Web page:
If one must have faith in order to believe something, or believe in something, then the likelihood of that something having any truth or value is considerably diminished. The harder work of inquiry, proof, and demonstration is infinitely far more rewarding, and has confronted us with findings far more 'miraculous' and 'transcendent' than any theology.

Wouldnt you be suited in persuing such theological sciences such as were, in the past persued with such fanatical intensity: measuring the length of angels' wing or how many of these mythical creatures could dance on the head of a pin?
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The Buddha Monster
The Buddha Monster: frayfray:

The book I have is called "Physics of the Impossible"...he pretty much covers everything you've ever imagined about the future. It's a really good book.

Naboo_the_Enigma:

I completely understand why you're so hard-wired to religion. I, myself, am a spiritual person in the Christian sense - I'm just not Christian in a religious practice (if that makes any sense at all).

But Naboo, your science and religion arguement is almost certainly defunct, and I can tell you why.

In the world of theoretical physics, an analogy can make things a lot easier to understand. So, for example:

The 1st dimension is seen (by humans) as a (imaginary) dot.

The 2nd dimension is a line connecting two dots.

The 3rd dimension (AKA everyday life to you and me), is best interpreted by this example:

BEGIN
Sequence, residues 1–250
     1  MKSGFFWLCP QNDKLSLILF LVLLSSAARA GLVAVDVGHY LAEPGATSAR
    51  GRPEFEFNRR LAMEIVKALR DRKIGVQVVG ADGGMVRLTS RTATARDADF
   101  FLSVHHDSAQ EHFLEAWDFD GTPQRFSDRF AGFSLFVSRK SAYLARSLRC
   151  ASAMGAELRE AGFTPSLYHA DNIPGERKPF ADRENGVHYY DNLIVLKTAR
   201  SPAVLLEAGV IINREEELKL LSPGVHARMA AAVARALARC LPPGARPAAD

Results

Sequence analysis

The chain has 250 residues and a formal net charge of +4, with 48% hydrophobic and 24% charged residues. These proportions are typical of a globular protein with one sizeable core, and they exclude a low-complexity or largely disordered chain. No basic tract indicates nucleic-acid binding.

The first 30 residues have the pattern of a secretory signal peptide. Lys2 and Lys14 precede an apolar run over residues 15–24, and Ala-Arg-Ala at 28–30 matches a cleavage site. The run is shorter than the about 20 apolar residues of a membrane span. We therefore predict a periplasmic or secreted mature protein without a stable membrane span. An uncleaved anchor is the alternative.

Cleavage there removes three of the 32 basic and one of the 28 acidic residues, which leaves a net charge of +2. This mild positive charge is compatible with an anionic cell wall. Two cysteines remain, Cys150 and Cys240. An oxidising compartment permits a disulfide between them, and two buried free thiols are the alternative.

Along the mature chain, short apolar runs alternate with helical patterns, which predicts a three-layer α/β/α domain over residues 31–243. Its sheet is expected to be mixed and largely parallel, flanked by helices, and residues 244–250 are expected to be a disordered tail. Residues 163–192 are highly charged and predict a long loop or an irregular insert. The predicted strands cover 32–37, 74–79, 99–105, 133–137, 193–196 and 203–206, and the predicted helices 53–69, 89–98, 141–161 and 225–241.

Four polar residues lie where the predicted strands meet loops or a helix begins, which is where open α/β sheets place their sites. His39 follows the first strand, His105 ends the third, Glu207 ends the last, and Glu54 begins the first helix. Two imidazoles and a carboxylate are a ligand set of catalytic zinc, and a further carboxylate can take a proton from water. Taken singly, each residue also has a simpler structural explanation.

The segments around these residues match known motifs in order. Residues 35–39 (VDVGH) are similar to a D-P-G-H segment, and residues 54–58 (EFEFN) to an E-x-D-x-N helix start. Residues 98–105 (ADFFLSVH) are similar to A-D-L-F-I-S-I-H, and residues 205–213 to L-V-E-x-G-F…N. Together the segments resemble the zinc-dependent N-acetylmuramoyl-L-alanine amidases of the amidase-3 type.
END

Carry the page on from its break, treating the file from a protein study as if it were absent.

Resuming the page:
Let's say that you are a 2D figure (you have no height), and that you encounter a person from the 3D perspective. That person would appear instantly to you. That person would shift in size and shape constantly, but would seem like complete magic to anyone. The best example is for you to imagine that you live on a sheet of paper. Now imagine that someone sticks their index finger through that sheet of paper. You can't possibly see where that's coming from, but each millimeter of the finger changes in width and length the entire time it's going through the paper. It's almost God-like for a 2-dimensional figure to witness a 3-dimensional object.

This theory goes all the way up to 10 dimensions and honestly, I don't have the hand strength to type it all out - but the video available at this site explains it very well:

http://www.i-am-bored.com/bored_link.cfm?link_id=28948

SPOILER ALERT:

I believe that 10th dimension is God. And that's why science = God in my opinion.